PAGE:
International

World Bank fails to reach an agreement with Pakistan on Indus Water dispute, Kishanganga project

Prime News, International (Washington), May 23:- The World Bank has said it failed to arrive at an agreement with a visiting Pakistani delegation on a way forward to address Islamabad’s concerns regarding the Indus Waters Treaty with India.

Over two days – Monday and yesterday – a high-powered Pakistani delegation led by Attorney General Ashtar Ausaf Ali, met with Kristalina Georgieva, World Bank Chief Executive Officer, and the regional management for South Asia.

During the meetings, held at Pakistan’s request to discuss issues regarding the Indus Waters Treaty and opportunities within the treaty to seek an amicable resolution, “several procedural options” for resolving the disagreement over the interpretation of the treaty’s provisions were discussed, the bank said.

“While an agreement on the way forward was not reached at the conclusion of the meetings, the World Bank will continue to work with both countries to resolve the issues in an amicable manner and in line with the treaty provisions,” the Bank said in a statement at the end of the talks.

“The delegation of the Government of Pakistan also shared with the Bank their concerns about the recent inauguration of the Kishanganga hydroelectric plant,” the statement said.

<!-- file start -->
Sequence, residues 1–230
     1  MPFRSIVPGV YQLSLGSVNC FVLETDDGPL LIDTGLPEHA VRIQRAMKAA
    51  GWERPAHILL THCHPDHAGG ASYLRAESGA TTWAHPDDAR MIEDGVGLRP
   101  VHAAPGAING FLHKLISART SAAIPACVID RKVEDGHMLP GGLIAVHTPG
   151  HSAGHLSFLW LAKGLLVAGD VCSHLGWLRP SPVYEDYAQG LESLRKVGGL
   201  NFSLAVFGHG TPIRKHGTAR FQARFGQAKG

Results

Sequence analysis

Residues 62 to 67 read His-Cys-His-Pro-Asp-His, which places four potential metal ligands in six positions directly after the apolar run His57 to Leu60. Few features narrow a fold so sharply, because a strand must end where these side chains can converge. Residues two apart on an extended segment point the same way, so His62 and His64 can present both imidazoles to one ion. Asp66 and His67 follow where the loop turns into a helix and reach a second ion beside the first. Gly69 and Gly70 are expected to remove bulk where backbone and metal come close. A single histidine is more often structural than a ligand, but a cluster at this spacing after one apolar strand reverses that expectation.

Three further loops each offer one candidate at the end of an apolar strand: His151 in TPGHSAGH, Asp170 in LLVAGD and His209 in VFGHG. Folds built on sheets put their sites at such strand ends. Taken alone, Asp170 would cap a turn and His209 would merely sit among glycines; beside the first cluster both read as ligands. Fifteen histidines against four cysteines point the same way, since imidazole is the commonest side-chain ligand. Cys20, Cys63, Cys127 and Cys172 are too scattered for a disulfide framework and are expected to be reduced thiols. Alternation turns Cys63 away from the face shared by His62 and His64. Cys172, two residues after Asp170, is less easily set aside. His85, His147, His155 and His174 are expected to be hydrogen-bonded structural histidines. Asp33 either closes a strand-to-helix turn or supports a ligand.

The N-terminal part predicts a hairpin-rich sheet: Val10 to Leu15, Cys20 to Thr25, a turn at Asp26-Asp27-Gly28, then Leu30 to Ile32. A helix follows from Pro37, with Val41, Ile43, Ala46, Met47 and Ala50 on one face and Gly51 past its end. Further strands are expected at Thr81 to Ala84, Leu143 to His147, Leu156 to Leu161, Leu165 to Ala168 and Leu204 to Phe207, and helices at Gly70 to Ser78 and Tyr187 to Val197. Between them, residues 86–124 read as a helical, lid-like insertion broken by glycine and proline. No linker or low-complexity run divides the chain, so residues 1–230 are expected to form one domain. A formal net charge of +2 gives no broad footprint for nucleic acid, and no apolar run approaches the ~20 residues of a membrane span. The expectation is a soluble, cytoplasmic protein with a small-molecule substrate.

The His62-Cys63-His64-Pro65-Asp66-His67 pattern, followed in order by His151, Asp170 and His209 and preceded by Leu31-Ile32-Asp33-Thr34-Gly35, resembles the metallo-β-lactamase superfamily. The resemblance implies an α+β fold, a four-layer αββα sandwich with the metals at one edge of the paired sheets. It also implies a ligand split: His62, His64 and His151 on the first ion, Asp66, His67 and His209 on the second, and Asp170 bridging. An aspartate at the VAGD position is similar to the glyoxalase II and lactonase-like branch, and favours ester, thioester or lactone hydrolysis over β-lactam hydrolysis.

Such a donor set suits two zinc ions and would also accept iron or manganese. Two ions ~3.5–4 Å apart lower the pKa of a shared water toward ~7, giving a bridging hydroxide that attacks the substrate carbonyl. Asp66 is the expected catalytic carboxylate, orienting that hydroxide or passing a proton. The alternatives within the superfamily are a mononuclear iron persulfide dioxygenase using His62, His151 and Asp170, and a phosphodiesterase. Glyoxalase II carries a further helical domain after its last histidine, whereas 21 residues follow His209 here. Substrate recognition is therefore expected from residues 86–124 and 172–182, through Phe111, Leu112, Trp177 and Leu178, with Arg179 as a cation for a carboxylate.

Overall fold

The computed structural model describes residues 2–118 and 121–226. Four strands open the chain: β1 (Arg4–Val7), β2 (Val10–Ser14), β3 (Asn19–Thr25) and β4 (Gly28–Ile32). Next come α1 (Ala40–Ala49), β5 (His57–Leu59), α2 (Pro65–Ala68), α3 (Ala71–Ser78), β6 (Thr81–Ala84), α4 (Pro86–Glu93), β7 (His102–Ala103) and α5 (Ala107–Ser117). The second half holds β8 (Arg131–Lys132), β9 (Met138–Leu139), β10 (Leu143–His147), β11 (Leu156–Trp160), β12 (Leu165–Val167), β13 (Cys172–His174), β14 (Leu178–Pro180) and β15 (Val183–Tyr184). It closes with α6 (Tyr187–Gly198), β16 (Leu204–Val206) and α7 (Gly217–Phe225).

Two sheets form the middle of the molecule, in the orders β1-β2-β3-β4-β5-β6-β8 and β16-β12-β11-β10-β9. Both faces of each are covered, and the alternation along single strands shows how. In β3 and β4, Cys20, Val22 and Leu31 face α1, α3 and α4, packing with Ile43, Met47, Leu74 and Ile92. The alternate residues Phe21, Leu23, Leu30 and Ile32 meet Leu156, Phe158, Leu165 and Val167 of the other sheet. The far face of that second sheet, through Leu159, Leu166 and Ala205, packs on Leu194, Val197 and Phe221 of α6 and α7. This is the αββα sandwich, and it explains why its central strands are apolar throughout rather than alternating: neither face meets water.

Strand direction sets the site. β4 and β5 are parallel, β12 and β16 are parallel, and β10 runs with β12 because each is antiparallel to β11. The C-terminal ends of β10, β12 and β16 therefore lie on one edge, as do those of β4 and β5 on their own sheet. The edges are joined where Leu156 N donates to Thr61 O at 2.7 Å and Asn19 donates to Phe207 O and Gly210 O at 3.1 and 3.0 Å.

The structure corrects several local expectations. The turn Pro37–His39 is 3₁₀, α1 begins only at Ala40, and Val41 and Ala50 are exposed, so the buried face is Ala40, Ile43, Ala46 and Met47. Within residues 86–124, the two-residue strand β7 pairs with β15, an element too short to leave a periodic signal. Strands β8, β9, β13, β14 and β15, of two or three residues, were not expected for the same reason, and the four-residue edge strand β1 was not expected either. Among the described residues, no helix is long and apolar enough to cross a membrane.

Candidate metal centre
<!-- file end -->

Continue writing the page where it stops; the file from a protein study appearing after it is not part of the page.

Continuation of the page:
Last week, Prime Minister Narendra Modi had inaugurated the 330 MW Kishanganga hydroelectric project in Jammu and Kashmir. Pakistan had protested the inauguration claiming that the project on a river flowing into Pakistan will disrupt water supplies.

The Embassy of Pakistan here did not immediately respond to questions related to the World Bank meeting. “The Indus Waters Treaty is a profoundly important international agreement that provides an essential cooperative framework for India and Pakistan to address current and future challenges of effective water management to meet human needs and achieve development goals,” the Bank said.

As a signatory to the Treaty, the World Bank’s role is limited and procedural, it noted. “In particular, the role in relation to differences and disputes is limited to the designation of people to fulfill certain roles when requested by either or both parties,” the bank said. (MR, Inputs: Agencies).

 

 

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